Controversy has rocked the free and open source movement this month. Richard Stallman, a founder of the Free Software Foundation, left the organization in 2019 amidst allegations of inappropriate behaviour towards women among other things. In the time since, the movement had been moving forward with plenty of different projects. Then, with little notice or reason, Stallman was brought back to the board at the foundation. The development shocked the free software community. In part, there was little to no known actions taken in the form of retribution. All people knew about the news is that he’s back, end of story. As a result, there was considerable backlash and frustration in the community.

The Electronic Frontier Foundation responded with some comments on their site saying that they were “profoundly disappointed” by the decision. They then urged the organization to reconsider this decision.

Reaction then turned into action as sponsors began pulling out of the organization. This includes well known organization, Red Hat. The organization said that they were “appalled” by the news and said that they were immediately suspending funding for the organization. High ranking members of the Free Software Foundation said that they were leaving the organization as part of the protest of Stallmans return.

We noted that one takeaway in all of this is that, although the decision to allow Stallman was quite universally rejected, the reaction by the community is actually a bright spot in all of this controversy. The free and open software movement stands for a number of things, but gender based harassment is definitely not one of those things. An overwhelming message is that everyone deserves to be treated with dignity and respect. When that bar isn’t met, the community will react accordingly. In the face of this kind of adversity, the community did shine here.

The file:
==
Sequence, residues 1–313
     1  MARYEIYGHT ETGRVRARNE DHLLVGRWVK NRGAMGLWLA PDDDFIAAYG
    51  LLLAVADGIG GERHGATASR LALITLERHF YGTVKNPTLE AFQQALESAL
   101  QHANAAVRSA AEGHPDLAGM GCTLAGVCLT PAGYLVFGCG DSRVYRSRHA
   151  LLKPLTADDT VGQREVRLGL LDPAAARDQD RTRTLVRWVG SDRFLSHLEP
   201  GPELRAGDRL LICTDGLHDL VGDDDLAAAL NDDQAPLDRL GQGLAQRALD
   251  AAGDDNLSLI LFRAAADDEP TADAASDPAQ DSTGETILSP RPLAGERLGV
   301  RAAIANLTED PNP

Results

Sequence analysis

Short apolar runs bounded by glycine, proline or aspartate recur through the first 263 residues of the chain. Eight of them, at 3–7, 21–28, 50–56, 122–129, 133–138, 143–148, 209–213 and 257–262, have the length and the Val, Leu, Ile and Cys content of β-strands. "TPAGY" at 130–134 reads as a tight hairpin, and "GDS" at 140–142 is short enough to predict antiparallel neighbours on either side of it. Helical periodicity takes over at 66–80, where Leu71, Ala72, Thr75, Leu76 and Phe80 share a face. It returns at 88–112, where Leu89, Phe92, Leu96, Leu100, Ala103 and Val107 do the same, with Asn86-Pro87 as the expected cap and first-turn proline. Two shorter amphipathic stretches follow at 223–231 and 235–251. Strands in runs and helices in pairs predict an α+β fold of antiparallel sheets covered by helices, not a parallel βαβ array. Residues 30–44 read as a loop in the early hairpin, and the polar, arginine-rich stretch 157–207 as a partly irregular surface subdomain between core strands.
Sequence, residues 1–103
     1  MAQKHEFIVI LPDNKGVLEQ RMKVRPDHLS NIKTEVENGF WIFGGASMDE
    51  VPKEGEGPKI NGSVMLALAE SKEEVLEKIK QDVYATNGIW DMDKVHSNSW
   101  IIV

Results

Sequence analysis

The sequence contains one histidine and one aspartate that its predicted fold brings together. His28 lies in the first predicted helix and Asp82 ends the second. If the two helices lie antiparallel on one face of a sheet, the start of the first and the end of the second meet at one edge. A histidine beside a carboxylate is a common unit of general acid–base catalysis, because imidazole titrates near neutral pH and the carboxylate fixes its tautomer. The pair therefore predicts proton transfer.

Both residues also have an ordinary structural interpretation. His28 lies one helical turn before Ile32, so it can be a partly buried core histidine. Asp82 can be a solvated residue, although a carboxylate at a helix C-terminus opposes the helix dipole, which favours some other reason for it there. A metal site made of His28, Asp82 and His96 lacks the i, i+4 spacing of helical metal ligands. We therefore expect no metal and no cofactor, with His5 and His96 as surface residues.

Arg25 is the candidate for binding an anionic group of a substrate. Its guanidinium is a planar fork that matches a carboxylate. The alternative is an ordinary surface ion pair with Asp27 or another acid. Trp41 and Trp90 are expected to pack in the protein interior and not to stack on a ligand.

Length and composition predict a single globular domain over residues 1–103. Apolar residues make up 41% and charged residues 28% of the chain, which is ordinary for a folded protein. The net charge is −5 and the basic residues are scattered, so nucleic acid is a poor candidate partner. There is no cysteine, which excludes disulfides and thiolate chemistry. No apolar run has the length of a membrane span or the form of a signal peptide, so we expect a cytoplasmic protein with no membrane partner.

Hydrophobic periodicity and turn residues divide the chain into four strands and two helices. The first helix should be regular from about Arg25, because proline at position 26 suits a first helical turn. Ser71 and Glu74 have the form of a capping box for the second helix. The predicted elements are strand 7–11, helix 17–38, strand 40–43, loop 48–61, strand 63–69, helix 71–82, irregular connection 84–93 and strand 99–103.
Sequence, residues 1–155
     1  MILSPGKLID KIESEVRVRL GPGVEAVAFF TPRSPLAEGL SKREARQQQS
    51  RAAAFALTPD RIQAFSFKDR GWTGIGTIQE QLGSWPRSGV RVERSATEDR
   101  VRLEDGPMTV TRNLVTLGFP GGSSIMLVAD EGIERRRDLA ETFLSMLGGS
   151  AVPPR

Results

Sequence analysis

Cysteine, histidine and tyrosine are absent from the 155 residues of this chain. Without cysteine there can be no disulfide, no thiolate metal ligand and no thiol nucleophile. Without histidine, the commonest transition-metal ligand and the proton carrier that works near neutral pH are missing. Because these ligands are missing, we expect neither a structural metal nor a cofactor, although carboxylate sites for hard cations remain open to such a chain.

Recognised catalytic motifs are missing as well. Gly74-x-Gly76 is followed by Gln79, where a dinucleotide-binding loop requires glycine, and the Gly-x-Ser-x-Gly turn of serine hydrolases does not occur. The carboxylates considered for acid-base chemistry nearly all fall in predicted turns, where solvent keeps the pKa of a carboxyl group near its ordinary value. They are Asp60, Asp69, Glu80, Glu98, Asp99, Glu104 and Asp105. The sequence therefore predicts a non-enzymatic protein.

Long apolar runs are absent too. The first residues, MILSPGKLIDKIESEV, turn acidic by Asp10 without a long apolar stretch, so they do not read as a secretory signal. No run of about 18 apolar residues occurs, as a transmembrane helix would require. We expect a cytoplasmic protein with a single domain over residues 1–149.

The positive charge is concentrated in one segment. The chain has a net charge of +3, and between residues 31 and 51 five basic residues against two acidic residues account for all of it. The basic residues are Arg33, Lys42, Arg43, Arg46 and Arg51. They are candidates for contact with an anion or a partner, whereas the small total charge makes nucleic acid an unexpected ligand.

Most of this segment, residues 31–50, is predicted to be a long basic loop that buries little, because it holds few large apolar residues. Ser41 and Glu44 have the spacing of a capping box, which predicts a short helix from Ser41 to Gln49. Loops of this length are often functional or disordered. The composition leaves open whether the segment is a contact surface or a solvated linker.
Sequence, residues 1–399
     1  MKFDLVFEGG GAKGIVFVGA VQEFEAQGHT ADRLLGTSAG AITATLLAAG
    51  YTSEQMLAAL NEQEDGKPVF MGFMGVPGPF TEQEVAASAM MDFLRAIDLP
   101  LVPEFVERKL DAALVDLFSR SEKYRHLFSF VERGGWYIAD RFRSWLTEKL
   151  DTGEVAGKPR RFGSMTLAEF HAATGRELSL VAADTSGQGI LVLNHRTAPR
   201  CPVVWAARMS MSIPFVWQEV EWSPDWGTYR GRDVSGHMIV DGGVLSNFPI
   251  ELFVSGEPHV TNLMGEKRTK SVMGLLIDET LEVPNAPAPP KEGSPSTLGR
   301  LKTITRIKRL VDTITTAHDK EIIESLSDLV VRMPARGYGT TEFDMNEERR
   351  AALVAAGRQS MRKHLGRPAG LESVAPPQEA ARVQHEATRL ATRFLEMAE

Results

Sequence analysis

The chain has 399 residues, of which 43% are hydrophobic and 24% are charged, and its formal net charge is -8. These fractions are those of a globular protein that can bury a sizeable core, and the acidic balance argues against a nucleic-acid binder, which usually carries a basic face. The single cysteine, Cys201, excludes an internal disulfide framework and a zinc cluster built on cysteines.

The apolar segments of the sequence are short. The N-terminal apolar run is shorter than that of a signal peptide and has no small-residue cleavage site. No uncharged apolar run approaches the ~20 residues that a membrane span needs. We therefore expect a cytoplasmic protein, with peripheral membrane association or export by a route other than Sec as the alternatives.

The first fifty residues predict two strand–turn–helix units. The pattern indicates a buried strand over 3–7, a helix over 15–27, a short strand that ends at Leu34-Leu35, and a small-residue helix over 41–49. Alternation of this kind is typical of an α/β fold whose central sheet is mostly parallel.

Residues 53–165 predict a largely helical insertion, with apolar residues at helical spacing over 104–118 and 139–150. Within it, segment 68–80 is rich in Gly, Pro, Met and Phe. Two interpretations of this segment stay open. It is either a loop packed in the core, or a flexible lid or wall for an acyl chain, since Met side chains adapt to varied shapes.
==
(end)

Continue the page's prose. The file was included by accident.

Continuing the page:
The Democrats proposal to gut Section 230 saw a development this month. As you might recall, Democrats tabled the SAFE TECH act that would effectively gut Section 230 protections completely. Some are admitting that such a move would effectively mean the end of their respective websites. This month, Facebook took some flack for the position they took on this issue. They came out to support the move to gut Section 230. The caveat they proposed is that there should be a standard of best practices a website should be able to follow in order to get those legal protections.

Understandably, free speech proponents were furious with Facebook for this. Cory Doctorow responded to this development by saying, “A monopolist’s first preference is always “don’t regulate me.” But coming in at a close second is “regulate me in ways that only I can comply with, so that no one is allowed to compete with me.”

One of the things that is difficult for journalists like myself is to find positive stories to report on. Not only are stories needing to be positive, but also relevant and meaningful to readers. This month, we were actually successful in bringing some positive news. Some of you might recall a court case a while back involving APIs (or Application Programming Interfaces). Specifically, the court case was known as Google vs. Oracle.

A quick and dirty example of what an API is would be to use YouTube as an example. If you click on that little share button for a video, you’ll notice that you can get some code that you can post on third party sites. That piece of code is an embed iframe. You can post that code onto a third party site much like what we do with our first impression videos. YouTube gets the referral and traffic and we are able to provide you with multimedia content. It’s a win-win situation for everyone involved.